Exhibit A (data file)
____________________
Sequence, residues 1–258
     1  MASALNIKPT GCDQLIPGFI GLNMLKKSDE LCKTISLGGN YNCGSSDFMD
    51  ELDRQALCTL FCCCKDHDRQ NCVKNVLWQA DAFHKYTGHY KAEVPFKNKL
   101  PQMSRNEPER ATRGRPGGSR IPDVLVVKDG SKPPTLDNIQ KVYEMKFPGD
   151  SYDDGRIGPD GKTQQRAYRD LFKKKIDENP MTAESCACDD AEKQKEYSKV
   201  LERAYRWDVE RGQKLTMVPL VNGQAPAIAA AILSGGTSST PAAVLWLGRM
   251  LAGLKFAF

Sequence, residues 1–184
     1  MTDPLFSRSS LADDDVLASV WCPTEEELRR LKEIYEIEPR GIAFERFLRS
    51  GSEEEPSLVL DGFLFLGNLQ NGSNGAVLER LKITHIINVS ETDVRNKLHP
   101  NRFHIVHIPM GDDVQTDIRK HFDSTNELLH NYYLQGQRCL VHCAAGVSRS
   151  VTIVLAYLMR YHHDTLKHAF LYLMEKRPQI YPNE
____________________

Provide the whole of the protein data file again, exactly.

Sequence, residues 1–258
     1  MASALNIKPT GCDQLIPGFI GLNMLKKSDE LCKTISLGGN YNCGSSDFMD
    51  ELDRQALCTL FCCCKDHDRQ NCVKNVLWQA DAFHKYTGHY KAEVPFKNKL
   101  PQMSRNEPER ATRGRPGGSR IPDVLVVKDG SKPPTLDNIQ KVYEMKFPGD
   151  SYDDGRIGPD GKTQQRAYRD LFKKKIDENP MTAESCACDD AEKQKEYSKV
   201  LERAYRWDVE RGQKLTMVPL VNGQAPAIAA AILSGGTSST PAAVLWLGRM
   251  LAGLKFAF

Sequence, residues 1–184
     1  MTDPLFSRSS LADDDVLASV WCPTEEELRR LKEIYEIEPR GIAFERFLRS
    51  GSEEEPSLVL DGFLFLGNLQ NGSNGAVLER LKITHIINVS ETDVRNKLHP
   101  NRFHIVHIPM GDDVQTDIRK HFDSTNELLH NYYLQGQRCL VHCAAGVSRS
   151  VTIVLAYLMR YHHDTLKHAF LYLMEKRPQI YPNE